http://www.telegraph.co.uk/culture/hay-festival/9312347/Hay-Festival-2012-Government-adviser-Bill-McGuire-says-global-warming-is-causing-earthquakes-and-landslides.html

    The comments on this article suggest how low the public’s view has become on these “top scientists”.

    h/t WUWT

  12. Richard C (NZ) on June 6, 2012 at 1:04 pm said:

    Andy, I enjoyed your delicate inquiry at HT:-

    “Is there a scientific explanation as to why the CO2 levels at Barrow are higher than elsewhere in the world?”

    And Gareth’s response:-

    “Annual cycle is largest in NH because it’s mostly land (more vegetation to grow/decay with the seasons)”

    So high levels of CO2 at Barrow are of natural origin and not 4×4’s, interesting. But in his post “…the planet has hit a notable milestone on its rapid transition to a new climate state”, Barrow rapidly morphs into “the planet” in a breathless sequence of this natural phenomenon

    You can see the devastating effect on local temperature here:-

    http://iasoa.org/iasoa/images/stories/matrosovatiksibarrow.pdf

    February and December have been hit hardest with blistering trends 0.076 C/yr (7.6 C/century) and 0.069 C/yr (6.9 C/century) respectively from 1945 – 2008.

    Except that February fluctuated wildly between -36 C in 1984 and -13 C in 1989 (CO2 can do that).

    Tiksi Russia (not part of “the planet”) has escaped being gripped by CO2. October, -0.024 C/yr or -2.4 C/century. February, 0.02 C/yr or 2 C/century.

    Re “…earthquakes and tsunamis are caused by climate change”

    “Wrt El Nino and seismicity, the main link is more likely the other way. The effects of seismicity and ocean vents are negligible but El Nino causes substantial changes in winds and surface wind stress that creates torque on the earth, part of which changes ocean currents, so if there is a link it is more likely causal from El Nino” – Dr Kevin Trenberth

    So there you have it from a climate scientist, El Nino causes seismic events contrary to the papers from geo science (clearly an inferior discipline) suggesting seismicity, volcanism and venting modulates El Nino.

  13. Richard C (NZ) on June 6, 2012 at 2:00 pm said:

    Bill McGuire, author of the following 2 – 4 hanky weepies:-

    A Guide to the End of the World: Everything You Never Wanted to Know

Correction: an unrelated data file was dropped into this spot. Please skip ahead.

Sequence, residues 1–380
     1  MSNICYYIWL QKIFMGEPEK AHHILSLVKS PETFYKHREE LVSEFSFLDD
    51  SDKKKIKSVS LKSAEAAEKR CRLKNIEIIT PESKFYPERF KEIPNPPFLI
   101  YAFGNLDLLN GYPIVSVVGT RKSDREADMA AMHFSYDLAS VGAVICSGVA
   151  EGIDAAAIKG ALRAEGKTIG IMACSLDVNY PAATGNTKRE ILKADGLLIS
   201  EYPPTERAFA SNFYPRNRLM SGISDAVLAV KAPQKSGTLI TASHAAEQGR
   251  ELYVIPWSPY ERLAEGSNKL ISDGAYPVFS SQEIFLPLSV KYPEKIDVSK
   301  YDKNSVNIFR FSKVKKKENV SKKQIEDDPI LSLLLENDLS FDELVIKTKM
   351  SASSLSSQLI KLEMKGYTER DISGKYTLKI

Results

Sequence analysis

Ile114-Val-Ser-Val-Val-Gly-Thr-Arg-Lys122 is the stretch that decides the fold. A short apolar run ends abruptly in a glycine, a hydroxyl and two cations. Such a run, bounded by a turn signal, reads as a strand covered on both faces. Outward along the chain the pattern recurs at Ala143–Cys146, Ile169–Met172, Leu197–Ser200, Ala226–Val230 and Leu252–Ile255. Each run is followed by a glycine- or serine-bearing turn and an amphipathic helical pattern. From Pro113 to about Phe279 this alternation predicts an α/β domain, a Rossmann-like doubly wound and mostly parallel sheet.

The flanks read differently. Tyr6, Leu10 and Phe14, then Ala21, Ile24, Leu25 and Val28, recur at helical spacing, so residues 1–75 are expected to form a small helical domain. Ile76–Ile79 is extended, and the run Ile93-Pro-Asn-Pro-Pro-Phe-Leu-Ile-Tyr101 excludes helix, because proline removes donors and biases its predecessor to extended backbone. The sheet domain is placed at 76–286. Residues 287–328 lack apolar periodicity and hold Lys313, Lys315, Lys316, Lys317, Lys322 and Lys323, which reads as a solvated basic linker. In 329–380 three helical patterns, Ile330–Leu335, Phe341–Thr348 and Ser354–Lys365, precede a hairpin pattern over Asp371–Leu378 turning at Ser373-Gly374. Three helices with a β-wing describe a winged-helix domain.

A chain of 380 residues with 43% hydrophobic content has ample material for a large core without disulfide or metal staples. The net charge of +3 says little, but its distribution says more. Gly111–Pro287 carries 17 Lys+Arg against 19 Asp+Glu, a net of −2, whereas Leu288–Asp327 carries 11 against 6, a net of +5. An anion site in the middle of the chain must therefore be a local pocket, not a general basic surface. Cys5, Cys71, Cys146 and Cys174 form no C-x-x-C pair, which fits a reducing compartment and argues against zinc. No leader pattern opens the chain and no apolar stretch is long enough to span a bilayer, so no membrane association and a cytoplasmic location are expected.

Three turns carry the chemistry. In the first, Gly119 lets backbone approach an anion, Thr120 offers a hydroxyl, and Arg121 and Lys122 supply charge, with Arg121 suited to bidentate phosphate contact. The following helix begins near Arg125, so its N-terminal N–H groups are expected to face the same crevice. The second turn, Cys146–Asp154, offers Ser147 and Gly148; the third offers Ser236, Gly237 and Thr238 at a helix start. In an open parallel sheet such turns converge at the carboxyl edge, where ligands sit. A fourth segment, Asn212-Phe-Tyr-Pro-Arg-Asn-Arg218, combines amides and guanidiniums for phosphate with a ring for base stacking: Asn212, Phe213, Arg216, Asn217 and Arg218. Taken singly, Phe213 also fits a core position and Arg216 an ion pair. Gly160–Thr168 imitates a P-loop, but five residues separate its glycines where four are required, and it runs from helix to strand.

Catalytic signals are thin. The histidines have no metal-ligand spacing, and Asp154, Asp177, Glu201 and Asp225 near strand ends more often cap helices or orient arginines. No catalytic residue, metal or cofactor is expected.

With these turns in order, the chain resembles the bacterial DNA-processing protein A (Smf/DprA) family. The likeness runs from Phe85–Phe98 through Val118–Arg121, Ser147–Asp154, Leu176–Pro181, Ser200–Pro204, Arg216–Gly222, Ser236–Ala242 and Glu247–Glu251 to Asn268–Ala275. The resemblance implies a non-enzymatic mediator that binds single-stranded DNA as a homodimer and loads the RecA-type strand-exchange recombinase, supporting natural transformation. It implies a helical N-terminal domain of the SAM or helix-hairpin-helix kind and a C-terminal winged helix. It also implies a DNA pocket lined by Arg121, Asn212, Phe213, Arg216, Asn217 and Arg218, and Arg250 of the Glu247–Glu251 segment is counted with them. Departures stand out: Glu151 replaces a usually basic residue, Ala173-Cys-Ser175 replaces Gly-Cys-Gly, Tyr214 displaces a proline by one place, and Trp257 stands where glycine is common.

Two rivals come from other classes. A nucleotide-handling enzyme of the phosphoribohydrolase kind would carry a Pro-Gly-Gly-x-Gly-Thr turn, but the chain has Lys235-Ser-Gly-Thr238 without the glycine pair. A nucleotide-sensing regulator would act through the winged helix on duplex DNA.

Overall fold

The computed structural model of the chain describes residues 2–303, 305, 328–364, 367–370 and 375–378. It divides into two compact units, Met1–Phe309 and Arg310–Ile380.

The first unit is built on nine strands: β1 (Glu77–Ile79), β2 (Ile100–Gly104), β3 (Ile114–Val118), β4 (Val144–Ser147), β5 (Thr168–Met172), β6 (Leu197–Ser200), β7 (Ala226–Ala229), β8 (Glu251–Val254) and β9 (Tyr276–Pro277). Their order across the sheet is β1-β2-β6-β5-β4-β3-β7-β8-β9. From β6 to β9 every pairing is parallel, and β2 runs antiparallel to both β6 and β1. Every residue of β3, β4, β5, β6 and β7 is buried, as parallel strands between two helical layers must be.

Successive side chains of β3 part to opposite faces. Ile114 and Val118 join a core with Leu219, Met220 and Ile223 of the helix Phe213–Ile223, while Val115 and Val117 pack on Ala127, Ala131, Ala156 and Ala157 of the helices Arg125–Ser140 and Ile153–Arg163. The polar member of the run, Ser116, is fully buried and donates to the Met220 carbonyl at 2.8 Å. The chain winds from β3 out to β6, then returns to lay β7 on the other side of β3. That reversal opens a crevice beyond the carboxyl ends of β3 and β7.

Global Catastrophes

    Seven Years to Save the Planet: The Questions… and Answers

    Surviving Armageddon: Solutions for a Threatened Planet

    Volcano Instability On The Earth And Other Planets

    Raging Planet

    Volcanoes Of The World

    Natural Hazards And Environmental Change

    Apocalypse: A Natural History of Global Disasters

    Waking the Giant

    http://www.goodreads.com/author/show/128322.Bill_McGuire

    Or as Allen Alden at About.com Geology put it in February when ‘Waking the Giant ‘ came out:-

    “Scientist and author Bill McGuire wants us all to know that global warming could “persuade the ground to shake, volcanoes to rumble and tsunamis to crash on to unsuspecting coastlines.” His article in The Guardian on Sunday is getting lots of page views. It’s basically a brief for McGuire’s new book, Waking the Giant: How a changing climate triggers earthquakes, tsunamis, and volcanoes published by Oxford University Press.

    This is the state of popular science nowadays: actual research has interesting things to say about crustal stress and its effects on natural hazards, but a major academic publisher seeks readers through a professional hand-wringer known for doomsday scenarios. And a major world newspaper publishes the author’s own tendentious press release rather than an independent review.”

    […]

    “So until reviews come out by knowledgeable readers (or I have a chance to review the actual book myself), read McGuire’s article very carefully—don’t exaggerate beyond his exact wording. And expect the worst, namely, doomsday outbursts from people whose lives center around the delicious prospect of the world ending”

    http://geology.about.com/b/2012/02/27/will-climate-change-shake-the-earth.htm